Where else does the City clear snow?
Snow is removed at parks, public buildings, recreational facilities, and the City Cemetery which amount to 47 miles of sidewalks and trails, 31 acres of parking lots, and 9 miles of roads in the City Cemetery. The City also removes snow from corners and crosswalks in the Central and Sugar House Business Districts.
What about bus stops?
A message from the Utah Transit Authority (UTA): UTA prioritizes snow removal efforts to ensure that our modest staff are able to keep the UTA transit system moving. We make every effort to prepare our stops in advance of storm arrival. Once the snowstorm does arrive, our first priority is to keep our operations system working by clearing the way for our trains and buses to get to the garage or rail yard, as well as UTA facilities that support bus and train operations. We then focus our snow removal efforts on high traffic areas such as TRAX and FrontRunner stations, bus intermodal hubs, bus rapid transit (BRT) stops, and park-and-ride lots. Snow removal at these locations may require several passes. Once snow is completely removed from these locations, and to ensure that customers with disabilities are able to access UTA bus serves, we then turn our efforts to removing snow at bus stops where accessibility is a high priority. A priority list for bus stops will be developed annually based on customer requests for snow removal. To let UTA know about a facility where snow removal requires our attention, please contact UTA’s Customer Service department at (801) 743-3882.
There is an Adopt a Stop program where adopters pledge to clear snow from designated bus stops but currently no other established programs to clear bus stops. You can Adopt A Stop by emailing email@example.com! If there is a bus stop close to your business you can Adopt a Stop so your patrons can have access to the stop and your business.
What about snow removal in the business districts?
Salt Lake City Facilities only clears crossings and corners in the downtown Central Business District and Sugar House Business District. It is the property owner’s responsibility to clear sidewalks.
Learn more by reading the full Ordinance about snow removal.
Why is it my responsibility to shovel the sidewalk?
Salt Lake City does not have the funding or staff resources to shovel all public sidewalks after a snowstorm due to their work clearing emergency routes and public streets.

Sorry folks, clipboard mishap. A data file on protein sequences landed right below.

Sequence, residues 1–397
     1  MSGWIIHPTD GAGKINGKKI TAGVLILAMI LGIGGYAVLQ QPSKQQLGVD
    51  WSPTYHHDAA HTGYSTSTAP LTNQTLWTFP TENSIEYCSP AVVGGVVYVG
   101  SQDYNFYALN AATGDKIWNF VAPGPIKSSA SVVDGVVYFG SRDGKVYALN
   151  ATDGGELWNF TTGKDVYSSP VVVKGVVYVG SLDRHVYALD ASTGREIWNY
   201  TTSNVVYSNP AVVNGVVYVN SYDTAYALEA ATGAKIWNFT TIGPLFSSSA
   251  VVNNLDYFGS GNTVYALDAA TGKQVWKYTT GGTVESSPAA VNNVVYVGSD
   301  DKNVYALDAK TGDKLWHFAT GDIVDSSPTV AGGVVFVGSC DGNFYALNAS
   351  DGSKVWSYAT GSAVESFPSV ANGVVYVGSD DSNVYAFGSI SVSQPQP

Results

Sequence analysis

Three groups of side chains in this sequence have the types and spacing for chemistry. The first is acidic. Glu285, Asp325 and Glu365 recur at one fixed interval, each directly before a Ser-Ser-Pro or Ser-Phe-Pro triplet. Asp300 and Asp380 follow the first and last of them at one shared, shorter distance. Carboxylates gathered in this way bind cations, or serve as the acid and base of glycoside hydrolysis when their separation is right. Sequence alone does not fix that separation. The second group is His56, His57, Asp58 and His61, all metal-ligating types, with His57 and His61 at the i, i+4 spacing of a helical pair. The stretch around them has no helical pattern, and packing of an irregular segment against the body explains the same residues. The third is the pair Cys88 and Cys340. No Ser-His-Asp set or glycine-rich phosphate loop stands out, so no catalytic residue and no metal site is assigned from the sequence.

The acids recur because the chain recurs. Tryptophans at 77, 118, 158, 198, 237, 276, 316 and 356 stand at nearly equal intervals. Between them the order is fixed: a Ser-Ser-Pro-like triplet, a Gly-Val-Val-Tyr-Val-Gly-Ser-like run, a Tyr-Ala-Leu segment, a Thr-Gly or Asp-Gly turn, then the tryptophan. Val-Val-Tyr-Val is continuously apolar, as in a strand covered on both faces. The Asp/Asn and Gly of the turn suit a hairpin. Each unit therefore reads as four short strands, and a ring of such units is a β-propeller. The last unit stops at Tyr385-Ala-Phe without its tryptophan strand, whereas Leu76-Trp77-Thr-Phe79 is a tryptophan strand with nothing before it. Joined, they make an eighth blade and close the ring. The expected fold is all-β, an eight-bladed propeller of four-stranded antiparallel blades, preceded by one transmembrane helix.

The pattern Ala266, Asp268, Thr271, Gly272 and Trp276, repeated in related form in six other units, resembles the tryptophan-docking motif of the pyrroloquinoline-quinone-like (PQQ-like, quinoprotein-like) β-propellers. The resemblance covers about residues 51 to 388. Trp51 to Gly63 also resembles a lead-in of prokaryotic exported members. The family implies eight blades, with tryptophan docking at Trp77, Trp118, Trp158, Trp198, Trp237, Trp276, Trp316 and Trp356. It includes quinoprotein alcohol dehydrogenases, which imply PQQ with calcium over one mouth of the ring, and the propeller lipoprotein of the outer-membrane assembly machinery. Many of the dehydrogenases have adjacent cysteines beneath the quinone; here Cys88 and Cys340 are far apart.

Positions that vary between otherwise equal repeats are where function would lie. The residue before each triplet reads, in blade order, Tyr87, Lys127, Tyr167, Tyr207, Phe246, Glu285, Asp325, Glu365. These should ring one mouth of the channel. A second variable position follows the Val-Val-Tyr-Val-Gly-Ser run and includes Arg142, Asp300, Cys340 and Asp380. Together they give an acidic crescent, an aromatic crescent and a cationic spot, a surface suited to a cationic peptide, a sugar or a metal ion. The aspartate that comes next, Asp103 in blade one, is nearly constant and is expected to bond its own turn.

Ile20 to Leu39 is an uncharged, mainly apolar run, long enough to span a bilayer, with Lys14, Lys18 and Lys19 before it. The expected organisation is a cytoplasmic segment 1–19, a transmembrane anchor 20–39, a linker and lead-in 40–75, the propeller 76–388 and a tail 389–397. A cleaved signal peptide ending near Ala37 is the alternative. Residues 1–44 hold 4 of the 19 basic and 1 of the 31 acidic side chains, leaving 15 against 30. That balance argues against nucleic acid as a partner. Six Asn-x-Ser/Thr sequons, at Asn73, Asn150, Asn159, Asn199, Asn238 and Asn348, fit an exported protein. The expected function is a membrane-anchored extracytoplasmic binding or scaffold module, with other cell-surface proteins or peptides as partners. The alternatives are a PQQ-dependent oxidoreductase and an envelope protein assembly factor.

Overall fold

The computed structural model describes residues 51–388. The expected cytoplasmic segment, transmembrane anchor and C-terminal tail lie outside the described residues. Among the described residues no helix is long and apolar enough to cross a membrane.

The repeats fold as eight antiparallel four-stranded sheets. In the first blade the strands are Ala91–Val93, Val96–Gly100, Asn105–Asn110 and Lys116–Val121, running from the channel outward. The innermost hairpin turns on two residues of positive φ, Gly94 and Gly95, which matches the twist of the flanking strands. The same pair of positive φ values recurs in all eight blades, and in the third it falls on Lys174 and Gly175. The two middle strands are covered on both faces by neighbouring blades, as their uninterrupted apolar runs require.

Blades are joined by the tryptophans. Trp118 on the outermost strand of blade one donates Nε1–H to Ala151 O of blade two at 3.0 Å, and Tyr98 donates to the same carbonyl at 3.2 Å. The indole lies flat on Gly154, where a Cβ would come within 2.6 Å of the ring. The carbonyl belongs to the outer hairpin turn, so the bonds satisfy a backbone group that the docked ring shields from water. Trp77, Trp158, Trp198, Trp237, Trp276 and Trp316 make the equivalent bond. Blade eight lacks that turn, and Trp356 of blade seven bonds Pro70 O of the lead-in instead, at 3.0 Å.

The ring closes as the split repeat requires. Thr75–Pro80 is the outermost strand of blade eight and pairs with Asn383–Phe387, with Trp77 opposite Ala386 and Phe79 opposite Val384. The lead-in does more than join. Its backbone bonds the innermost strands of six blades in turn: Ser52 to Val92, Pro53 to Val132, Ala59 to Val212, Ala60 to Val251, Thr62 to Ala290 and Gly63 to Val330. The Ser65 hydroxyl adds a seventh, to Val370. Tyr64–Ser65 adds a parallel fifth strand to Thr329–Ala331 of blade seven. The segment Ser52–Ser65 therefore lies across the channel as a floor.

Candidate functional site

How can I get help shoveling my sidewalk?
People who are elderly or people with disabilities may need assistance removing snow from adjacent sidewalks. Salt Lake County Aging and Adult Services has a program that offers assistance with snow removal and many other services. Visit the Aging and Adult Services website here or call (385) 468-3200. Salt Lake City Government encourages residents to be aware of neighbors who may need help with snow removal! Reach out and provide a helping hand if you can.
How can I stay informed about when and how to prepare for snow?
You can follow the City on Facebook (@SLCgovernment) or Twitter (@SLCgov) for reminders to prepare for snowstorms and take action after snowfall.
I live outside of Salt Lake City. Where can I find information about snow removal where I live?
Learn about Salt Lake County’s snow removal program here.
Learn about snow removal on state roads here on the UDOT website.
Do you have any fun facts about the snow program?
Of course we do! The snow fleet consists of 45 large plow trucks, multiple UTVs outfitted with plow blades and salt spreaders, snow blowers, shovels, and other equipment. This equipment is used to spread 16,000 to 20,000 tons of salt in an average snow season—that’s the weight of 3,000 elephants! On average, City plows drive a total of 80,000 miles—equivalent of driving the circumference of the earth 3.2 times. And in Salt Lake City, snow is plowed from a total of 1,858 lane miles of public roads which is enough asphalt and concrete to reach to St. George and back 3 times.
How can I sign up to volunteer to help clear snow?
Coming soon, stay tuned!
Driving, Parking, Cycling, and Other Tips for Winter in Salt Lake City
Be alert and drive with caution – winter storms create slick road conditions. Maintain larger following distances between vehicles and slow down to allow for additional time to stop. Plan your daily trips before the storm when snow is in the forecast. The less traffic on the road, the faster our crews can work. Never pull out in front of or attempt to pass a snow plow. Stay at least 200 feet away from plows at all times and never tailgate a plow. If you can’t see the mirrors on the truck, they can’t see you.
Park vehicles off the street during and for up to 36 hours after a storm if possible. Ordinance 12.56.520 states that you must move your vehicle every 48 hours from where it is parked. If you must park on the street, do not park directly opposite another vehicle on the other side of the street to avoid creating a bottle neck. Park as close to the curb as possible.
Beware when walking or cycling as the snow coming off a plow blade can be dangerous. Don’t allow children to play on or near the street when snow plowing is in progress.
Please offer to help your neighbors with snow removal. Seniors or people with disabilities may need assistance meeting their obligation as property owners to remove snow from adjacent sidewalks.
Visit the Salt Lake City Transportation Division’s webpage here for tips about bicycle commuting in the winter.
Watch a short video about the history of snow removal in Salt Lake City!